Electronic Logbook (eLog)

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Electronic logbooks (eLogs) record a breadth of information on a fleet vehicle and its driver. 

eLogs are mandated by law for some drivers of commercial vehicles in the United States and beyond. eLogs can help fleet managers and business owners increase their productivity and profitability while reducing their costs. 

In this article, we will outline what electronic logbooks are and the types of data they record. In addition, we will examine who is legally required to keep eLogs, describe the laws that regulate them, and analyze the benefits of keeping organized electronic logbooks. 

What are Electronic Logbooks (eLogs)?

Electronic logbooks—also known as eLogs—are used to record data on fleet vehicles and their drivers. They keep a digital record of a vehicle’s operations and its driver’s activities.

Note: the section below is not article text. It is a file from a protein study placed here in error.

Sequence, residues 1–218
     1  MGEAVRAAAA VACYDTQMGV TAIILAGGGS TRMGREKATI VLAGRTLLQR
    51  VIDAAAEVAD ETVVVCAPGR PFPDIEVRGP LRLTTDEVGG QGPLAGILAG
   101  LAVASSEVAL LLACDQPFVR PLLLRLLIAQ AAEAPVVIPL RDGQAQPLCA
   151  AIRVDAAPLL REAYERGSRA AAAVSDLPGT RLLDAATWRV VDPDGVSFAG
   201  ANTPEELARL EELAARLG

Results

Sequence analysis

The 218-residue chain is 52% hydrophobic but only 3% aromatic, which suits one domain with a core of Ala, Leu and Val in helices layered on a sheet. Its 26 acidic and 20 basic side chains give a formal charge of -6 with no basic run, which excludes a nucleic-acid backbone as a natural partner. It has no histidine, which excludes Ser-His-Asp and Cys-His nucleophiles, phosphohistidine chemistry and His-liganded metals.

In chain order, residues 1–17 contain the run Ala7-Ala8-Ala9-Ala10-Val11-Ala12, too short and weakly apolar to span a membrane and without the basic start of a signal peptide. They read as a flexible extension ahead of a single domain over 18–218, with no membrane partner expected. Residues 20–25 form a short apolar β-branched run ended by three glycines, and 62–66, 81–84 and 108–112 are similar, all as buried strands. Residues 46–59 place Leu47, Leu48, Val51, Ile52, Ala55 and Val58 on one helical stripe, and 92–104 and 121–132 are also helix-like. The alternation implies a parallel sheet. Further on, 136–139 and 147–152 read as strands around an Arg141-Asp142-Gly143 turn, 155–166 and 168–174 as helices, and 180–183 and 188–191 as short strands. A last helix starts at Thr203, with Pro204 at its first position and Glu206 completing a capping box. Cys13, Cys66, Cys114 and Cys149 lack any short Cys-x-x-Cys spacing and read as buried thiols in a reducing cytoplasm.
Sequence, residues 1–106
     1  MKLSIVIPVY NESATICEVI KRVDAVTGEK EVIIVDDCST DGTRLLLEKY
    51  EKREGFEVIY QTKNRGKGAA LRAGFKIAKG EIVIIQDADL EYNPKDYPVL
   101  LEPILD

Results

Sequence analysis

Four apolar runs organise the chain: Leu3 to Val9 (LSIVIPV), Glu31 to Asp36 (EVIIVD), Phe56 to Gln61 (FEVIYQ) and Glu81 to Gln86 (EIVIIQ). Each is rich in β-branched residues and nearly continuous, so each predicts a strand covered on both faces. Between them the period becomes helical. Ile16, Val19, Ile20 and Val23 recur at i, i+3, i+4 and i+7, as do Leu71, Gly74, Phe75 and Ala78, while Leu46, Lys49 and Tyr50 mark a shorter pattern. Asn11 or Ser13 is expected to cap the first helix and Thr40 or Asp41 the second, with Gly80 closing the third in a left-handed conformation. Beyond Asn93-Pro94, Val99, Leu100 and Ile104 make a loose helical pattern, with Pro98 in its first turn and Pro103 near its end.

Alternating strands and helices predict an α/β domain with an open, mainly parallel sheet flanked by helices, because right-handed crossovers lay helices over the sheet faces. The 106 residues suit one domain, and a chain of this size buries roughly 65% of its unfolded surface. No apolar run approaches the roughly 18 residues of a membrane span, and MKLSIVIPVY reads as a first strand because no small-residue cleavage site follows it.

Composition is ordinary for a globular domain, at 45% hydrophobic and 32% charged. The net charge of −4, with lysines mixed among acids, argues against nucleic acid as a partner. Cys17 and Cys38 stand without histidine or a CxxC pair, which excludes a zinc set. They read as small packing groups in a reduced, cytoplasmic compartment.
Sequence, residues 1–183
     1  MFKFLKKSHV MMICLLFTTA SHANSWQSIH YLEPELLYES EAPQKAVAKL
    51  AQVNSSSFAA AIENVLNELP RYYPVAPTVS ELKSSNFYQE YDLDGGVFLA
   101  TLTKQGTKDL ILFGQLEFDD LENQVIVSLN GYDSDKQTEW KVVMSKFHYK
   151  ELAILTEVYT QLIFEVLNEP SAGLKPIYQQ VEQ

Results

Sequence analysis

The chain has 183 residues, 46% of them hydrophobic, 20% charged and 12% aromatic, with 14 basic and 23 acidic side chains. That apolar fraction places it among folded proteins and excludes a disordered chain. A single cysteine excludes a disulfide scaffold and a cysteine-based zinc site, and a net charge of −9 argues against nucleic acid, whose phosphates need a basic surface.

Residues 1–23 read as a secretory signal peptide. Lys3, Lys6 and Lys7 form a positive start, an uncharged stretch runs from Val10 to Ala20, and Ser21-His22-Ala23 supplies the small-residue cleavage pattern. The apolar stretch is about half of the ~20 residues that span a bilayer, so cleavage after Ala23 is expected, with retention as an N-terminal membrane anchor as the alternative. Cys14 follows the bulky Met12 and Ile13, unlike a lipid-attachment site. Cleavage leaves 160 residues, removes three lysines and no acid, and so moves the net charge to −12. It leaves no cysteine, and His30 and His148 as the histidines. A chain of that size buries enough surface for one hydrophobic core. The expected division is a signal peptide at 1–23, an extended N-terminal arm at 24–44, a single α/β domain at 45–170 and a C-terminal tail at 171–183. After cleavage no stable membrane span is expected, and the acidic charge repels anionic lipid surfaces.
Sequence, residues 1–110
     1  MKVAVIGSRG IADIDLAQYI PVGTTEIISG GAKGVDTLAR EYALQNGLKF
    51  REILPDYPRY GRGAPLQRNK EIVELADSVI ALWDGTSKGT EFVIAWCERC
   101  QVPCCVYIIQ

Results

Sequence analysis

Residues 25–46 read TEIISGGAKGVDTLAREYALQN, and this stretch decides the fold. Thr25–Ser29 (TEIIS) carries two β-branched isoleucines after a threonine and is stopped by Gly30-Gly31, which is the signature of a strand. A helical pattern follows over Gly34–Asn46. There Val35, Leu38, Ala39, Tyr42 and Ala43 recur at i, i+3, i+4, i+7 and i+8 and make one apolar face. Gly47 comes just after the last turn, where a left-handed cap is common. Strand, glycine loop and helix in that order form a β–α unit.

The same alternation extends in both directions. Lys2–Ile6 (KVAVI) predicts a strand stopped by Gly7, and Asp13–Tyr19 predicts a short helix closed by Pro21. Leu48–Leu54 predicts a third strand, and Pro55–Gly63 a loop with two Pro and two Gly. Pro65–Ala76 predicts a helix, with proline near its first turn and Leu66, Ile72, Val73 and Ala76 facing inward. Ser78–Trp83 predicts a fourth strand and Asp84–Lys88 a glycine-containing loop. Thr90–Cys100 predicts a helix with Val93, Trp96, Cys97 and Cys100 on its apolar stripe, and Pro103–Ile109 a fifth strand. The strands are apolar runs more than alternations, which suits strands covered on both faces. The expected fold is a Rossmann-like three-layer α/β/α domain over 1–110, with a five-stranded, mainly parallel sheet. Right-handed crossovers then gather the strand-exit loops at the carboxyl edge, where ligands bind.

Most drivers in the United States and Canada are legally required to record their hours of service (HOS) data with an electronic logbook. This legislation is intended to help prevent drowsy driving and keep drivers from falling asleep at the wheel. 

eLogs capture data on fleet vehicle engine run time and distance. In addition, they generally log the vehicle’s driver’s status. Electronic logbooks can also keep a record of driver safety, maintenance requirements, and fuel consumption. 

The device that records an eLog is called an electronic logging device (ELD). They are generally small GPS-enabled systems mounted inside of a truck’s cab and are connected to the vehicle’s diagnostic port to capture data on the vehicle’s engine. 

What Data do Electronic Logbooks Collect? 

eLogs collect a multitude of data points. Some of the information collected may include:

  • date and time
  • Location
  • vehicle miles
  • engine hours
  • user authentication
  • driver identification
  • motor carrier
  • vehicle 

Which Drivers are Required to Use an Electronic Logbook?